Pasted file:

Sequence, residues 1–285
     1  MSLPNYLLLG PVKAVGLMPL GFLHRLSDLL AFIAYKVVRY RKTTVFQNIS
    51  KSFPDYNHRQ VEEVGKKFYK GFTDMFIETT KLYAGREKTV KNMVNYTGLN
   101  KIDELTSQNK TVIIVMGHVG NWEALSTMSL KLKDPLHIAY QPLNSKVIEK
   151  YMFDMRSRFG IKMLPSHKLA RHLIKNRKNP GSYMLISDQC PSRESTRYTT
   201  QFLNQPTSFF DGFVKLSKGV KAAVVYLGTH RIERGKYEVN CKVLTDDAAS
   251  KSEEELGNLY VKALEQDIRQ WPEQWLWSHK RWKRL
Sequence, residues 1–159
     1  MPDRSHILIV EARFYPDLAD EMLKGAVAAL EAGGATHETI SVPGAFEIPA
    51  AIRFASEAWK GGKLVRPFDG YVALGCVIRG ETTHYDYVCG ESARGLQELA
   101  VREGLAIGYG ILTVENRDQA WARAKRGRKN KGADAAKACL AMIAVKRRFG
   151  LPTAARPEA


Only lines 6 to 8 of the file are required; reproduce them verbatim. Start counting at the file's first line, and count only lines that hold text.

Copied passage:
   201  QFLNQPTSFF DGFVKLSKGV KAAVVYLGTH RIERGKYEVN CKVLTDDAAS
   251  KSEEELGNLY VKALEQDIRQ WPEQWLWSHK RWKRL
Sequence, residues 1–159